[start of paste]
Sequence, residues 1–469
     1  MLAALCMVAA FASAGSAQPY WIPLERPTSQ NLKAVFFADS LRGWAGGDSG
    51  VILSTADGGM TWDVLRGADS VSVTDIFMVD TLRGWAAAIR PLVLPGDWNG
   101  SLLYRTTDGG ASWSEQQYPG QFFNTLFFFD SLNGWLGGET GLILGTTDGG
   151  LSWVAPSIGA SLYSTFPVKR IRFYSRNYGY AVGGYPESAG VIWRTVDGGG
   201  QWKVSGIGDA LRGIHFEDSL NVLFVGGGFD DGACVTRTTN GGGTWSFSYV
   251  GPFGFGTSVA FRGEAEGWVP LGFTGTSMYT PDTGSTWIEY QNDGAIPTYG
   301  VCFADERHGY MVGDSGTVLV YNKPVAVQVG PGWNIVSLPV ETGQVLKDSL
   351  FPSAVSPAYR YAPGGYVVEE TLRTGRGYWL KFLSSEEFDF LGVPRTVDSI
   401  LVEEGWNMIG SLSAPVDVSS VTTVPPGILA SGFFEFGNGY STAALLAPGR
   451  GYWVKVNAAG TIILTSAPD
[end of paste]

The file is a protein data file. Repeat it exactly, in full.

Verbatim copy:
Sequence, residues 1–469
     1  MLAALCMVAA FASAGSAQPY WIPLERPTSQ NLKAVFFADS LRGWAGGDSG
    51  VILSTADGGM TWDVLRGADS VSVTDIFMVD TLRGWAAAIR PLVLPGDWNG
   101  SLLYRTTDGG ASWSEQQYPG QFFNTLFFFD SLNGWLGGET GLILGTTDGG
   151  LSWVAPSIGA SLYSTFPVKR IRFYSRNYGY AVGGYPESAG VIWRTVDGGG
   201  QWKVSGIGDA LRGIHFEDSL NVLFVGGGFD DGACVTRTTN GGGTWSFSYV
   251  GPFGFGTSVA FRGEAEGWVP LGFTGTSMYT PDTGSTWIEY QNDGAIPTYG
   301  VCFADERHGY MVGDSGTVLV YNKPVAVQVG PGWNIVSLPV ETGQVLKDSL
   351  FPSAVSPAYR YAPGGYVVEE TLRTGRGYWL KFLSSEEFDF LGVPRTVDSI
   401  LVEEGWNMIG SLSAPVDVSS VTTVPPGILA SGFFEFGNGY STAALLAPGR
   451  GYWVKVNAAG TIILTSAPD